Was Killing of Osama bin Laden Legal Under International Law?


Should U.S. Have Captured Bin Laden Instead?

During a Senate Judiciary Committee hearing Wednesday, Sen. Lindsay Graham, R-S.C., referred to the "chatter out there" about the use of force against bin Laden and sought to bluntly set the record straight.

"From a Navy SEAL perspective, you had to believe that this guy [Osama bin Laden] was a walking IED," an improvised explosive device, said Graham.

"I think the SEALS had to believe that the moment they encountered [bin Laden] that they were well within their right. Shooting him as soon as possible probably protected everyone, including the SEALS, women and children," he said. "The moment they saw bin Laden they had to consider him a threat. "

Graham praised the entire operation and called it "within the law."

Pakistan: Violation of State Sovereignty?

Officials in Pakistan have raised another legal question: Should Pakistan have been notified about the attack.

In a press conference in Pakistan Thursday, Foreign Secretary Salman Bashir questioned whether the U.S. raid was legal under international law given the violation of Pakistan's sovereignty.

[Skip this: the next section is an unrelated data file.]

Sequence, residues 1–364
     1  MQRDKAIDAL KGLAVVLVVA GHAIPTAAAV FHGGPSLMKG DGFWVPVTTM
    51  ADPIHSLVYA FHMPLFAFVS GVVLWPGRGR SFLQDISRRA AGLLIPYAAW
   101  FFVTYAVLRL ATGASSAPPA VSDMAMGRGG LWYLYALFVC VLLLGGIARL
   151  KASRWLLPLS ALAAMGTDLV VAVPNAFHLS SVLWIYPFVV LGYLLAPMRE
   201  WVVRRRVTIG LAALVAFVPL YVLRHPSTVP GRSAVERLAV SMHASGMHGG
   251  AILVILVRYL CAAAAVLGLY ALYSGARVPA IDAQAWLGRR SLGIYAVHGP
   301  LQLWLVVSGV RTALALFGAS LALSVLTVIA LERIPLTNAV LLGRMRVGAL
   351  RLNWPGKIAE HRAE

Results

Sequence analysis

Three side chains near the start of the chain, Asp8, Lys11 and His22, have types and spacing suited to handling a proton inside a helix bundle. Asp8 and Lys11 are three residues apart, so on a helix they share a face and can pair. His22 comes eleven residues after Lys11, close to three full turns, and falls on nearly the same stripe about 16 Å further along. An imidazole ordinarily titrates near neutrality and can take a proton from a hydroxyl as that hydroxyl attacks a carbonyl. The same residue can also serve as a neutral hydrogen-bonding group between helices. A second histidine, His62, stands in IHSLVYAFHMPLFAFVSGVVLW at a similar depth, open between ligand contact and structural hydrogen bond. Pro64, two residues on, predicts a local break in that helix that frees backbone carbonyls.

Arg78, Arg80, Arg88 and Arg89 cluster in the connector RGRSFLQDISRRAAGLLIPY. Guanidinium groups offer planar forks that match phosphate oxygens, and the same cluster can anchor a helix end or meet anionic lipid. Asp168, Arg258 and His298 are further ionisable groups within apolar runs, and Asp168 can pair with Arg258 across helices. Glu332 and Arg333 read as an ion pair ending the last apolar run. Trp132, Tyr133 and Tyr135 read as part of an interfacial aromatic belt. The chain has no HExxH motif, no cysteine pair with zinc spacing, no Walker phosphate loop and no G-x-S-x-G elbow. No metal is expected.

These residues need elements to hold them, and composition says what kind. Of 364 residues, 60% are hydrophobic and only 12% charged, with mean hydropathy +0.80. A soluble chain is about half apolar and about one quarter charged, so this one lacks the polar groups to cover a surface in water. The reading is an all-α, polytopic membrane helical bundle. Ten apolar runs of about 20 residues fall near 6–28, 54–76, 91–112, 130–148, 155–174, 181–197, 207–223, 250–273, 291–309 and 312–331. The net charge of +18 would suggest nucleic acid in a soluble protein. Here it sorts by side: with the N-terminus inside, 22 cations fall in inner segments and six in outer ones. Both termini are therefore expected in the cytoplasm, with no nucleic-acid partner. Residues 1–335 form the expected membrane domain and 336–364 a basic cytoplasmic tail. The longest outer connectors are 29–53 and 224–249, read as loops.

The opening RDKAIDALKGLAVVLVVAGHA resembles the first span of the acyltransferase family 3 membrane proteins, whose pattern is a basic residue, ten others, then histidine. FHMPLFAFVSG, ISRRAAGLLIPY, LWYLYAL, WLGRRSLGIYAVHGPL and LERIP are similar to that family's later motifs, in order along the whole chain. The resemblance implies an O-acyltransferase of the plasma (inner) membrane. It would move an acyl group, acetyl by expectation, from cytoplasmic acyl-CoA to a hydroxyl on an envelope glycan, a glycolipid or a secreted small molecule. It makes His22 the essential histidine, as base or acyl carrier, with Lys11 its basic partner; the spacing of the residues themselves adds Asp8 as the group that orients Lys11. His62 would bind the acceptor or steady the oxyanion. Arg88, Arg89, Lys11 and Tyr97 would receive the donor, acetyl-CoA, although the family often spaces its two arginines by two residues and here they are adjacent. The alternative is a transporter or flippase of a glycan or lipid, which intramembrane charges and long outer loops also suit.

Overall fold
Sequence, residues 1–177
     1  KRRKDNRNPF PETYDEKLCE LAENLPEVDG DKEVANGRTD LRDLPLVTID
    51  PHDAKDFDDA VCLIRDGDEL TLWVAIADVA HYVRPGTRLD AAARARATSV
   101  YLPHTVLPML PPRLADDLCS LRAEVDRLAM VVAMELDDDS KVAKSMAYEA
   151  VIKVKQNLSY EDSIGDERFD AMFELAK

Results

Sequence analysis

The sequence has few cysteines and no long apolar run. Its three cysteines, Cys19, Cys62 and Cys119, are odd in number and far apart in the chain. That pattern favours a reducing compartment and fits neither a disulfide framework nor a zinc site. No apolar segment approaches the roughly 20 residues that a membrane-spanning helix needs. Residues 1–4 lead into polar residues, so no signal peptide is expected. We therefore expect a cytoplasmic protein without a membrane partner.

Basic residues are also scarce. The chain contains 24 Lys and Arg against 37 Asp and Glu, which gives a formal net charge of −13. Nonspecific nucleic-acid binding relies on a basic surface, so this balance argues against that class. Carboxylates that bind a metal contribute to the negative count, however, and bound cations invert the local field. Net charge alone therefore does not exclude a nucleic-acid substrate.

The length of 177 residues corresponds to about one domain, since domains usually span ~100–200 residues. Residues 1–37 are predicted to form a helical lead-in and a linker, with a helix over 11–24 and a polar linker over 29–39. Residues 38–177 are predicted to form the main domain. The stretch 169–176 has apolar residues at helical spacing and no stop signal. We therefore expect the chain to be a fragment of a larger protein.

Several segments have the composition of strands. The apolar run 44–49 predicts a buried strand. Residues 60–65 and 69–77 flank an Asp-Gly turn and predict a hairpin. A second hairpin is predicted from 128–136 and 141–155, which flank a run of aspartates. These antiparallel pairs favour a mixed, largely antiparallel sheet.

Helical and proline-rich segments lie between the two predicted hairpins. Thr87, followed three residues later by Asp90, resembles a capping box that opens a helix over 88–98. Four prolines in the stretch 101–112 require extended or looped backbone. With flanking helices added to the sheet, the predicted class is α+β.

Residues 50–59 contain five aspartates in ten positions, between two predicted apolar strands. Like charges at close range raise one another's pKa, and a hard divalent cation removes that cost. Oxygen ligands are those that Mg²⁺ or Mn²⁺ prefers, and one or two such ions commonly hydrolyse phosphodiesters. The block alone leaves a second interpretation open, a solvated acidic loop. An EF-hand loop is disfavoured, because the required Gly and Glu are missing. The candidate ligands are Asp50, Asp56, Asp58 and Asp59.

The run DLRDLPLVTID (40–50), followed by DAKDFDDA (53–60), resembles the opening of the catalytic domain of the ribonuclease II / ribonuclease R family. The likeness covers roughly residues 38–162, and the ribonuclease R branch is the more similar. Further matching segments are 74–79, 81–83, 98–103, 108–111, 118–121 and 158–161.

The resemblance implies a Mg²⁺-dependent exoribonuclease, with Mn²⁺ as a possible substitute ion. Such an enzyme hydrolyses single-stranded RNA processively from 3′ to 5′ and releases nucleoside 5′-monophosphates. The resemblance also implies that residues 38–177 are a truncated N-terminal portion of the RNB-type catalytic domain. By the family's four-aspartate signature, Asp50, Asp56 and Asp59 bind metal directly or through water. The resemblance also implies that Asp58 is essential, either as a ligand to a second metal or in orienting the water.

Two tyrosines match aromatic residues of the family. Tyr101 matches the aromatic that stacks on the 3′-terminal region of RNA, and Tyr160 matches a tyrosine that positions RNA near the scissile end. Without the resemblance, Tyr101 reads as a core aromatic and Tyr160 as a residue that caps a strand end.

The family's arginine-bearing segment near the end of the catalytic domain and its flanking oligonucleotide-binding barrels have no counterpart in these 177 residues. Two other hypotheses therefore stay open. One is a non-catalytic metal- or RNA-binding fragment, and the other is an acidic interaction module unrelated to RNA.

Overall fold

John B. Bellinger III, who held Koh's job under the Bush administration, said under the United Nations Charter, the United States would normally be prohibited from using force inside Pakistan without obtaining Pakistan's consent.

But in this instance, the United States had legal justification for not doing so.

"The U.S. was justified in concluding that Pakistan was unwilling or unable to stop the threat posed by Osama bin Laden, and that Pakistan's consent was not necessary because of past concerns about the close ties between Pakistan intelligence services and the Taliban," Bellinger said, "and the fact that bin Laden was in a house, on a street right down the road from a Pakistani military base. "

Waxman said it's a complicated question. "Under international law, it would normally be a violation of a state's sovereignty to launch this sort of raid, unless the state consents or perhaps because of an overriding necessity of self-defense."

But Waxman said the United States had a good argument that Pakistan was probably not willing or able to deal effectively with this situation.

"The Pakistani government should not be surprised by this. President Obama said during the presidential campaign that he'd do this if we had good intelligence, and he meant it," said Waxman.

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